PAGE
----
This evening, like yesterday evening, I visited Chasewater. The day’s rain had ceased. I noted yesterday on my 365daysofbiking journal that I think the water level has increased about 500mm in the last week, and I was interested to see how much a days worth of heavy downpour had added to the level.
At the moment, the secondary outlet culvert is still just above the waterline, so it’s a ready indicator of depth. So I thought I’d compare photos 24 hours apart.
As you can see, there has been an increase in level, but not a massive one – maybe 20mm or so. The main area to witness the difference is between the vegetation and the dry bank. So really, a whole day of quite steady rain hasn’t made much difference – and that difference will become less the more the reservoir tends towards full, as the surface area increases.
I’ve seen a lot of comments in the last couple of days about the drought, the water shortage and suchlike. The rain we have had – and it feels like we’ve had a deluge – is clearly not that great. We’ve had three very dry seasons now. One wet week will not correct that, as can be seen above. Please let’s engage our brains. If Chasewater isn’t filling much, neither are our water supply reservoirs.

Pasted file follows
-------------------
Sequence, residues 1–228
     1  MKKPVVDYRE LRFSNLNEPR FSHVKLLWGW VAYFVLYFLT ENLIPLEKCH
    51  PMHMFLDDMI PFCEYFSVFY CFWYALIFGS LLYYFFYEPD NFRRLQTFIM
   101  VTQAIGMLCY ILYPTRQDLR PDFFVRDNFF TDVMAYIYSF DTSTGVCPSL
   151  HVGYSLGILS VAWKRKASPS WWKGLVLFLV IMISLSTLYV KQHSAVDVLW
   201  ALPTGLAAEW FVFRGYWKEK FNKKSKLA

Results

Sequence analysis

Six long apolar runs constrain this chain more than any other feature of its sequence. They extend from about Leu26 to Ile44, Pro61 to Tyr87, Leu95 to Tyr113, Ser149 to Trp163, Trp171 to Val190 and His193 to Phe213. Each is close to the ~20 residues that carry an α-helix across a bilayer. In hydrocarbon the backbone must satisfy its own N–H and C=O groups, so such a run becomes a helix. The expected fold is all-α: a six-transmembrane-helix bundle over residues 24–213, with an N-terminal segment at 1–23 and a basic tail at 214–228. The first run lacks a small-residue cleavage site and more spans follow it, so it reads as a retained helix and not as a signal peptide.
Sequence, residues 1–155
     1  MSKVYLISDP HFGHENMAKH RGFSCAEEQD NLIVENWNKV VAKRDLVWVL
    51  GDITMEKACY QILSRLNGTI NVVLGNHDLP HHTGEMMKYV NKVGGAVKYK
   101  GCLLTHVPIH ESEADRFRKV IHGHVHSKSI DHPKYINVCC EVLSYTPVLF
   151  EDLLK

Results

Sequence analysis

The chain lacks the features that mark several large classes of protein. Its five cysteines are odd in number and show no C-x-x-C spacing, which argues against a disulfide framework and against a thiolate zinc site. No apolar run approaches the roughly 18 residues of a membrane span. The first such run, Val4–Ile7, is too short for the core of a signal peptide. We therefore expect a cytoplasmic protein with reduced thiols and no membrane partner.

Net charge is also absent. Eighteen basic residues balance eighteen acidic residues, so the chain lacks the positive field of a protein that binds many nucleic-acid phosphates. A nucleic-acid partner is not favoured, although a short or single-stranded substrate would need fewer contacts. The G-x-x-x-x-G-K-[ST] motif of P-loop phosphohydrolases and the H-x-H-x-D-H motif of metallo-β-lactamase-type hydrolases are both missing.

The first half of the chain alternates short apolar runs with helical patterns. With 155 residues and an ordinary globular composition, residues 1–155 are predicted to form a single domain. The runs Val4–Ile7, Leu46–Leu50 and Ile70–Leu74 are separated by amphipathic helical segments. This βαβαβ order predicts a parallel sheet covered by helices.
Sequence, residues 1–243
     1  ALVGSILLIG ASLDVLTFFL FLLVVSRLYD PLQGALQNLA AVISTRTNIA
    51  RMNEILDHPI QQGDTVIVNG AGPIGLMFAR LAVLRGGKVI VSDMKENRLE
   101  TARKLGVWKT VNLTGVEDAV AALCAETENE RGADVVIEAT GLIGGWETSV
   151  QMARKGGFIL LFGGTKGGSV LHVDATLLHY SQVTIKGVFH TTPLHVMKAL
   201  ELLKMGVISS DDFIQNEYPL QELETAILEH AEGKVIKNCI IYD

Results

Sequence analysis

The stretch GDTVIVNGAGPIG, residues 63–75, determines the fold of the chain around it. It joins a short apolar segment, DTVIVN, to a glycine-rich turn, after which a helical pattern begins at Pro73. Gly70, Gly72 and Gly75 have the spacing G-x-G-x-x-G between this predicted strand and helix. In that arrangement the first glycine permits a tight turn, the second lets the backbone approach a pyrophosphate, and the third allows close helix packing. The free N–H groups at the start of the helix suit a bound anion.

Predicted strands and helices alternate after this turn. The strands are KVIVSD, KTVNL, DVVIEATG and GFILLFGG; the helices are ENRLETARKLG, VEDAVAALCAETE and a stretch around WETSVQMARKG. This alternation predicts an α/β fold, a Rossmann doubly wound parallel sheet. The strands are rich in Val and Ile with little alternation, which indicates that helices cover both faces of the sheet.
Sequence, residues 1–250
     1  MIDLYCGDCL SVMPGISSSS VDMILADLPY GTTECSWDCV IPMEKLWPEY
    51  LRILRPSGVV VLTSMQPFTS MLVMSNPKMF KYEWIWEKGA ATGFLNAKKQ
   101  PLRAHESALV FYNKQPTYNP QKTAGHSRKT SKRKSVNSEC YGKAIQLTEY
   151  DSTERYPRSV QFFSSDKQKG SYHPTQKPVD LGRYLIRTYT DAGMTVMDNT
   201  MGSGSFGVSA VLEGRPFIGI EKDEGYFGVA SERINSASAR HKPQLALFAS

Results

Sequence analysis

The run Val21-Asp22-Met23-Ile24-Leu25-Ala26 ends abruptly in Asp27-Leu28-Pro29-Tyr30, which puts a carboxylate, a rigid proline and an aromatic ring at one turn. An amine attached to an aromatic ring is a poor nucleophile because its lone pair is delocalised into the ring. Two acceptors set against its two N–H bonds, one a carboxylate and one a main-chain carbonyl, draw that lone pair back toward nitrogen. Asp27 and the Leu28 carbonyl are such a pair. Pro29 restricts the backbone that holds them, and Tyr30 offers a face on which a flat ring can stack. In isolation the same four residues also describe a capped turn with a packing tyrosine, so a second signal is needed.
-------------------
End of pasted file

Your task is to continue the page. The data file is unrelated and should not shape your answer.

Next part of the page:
I noticed last week that it’s now fashionable for rightwing blowhards an op-ed commentators like Peter Rhodes of the Express & Star to deny the drought, the same way they deny climate change, or anything else whose existence threatens their limited, selfish worldview. Take a trip up to Blithfield or Carsington, and take a look at the water levels. Then take a look at the water levels where the drought has really hit, down south.
We still have a drought. We’ve had a wet week. This will not end the problem unless we get a sustained season of heavy rain. In 1976, after a single, long hot summer, it started raining on August Bank Holiday Monday and didn’t really stop again for months. That’s what we need now.
There’s a very good article in the Independent about this. I suggest anyone interested reads it.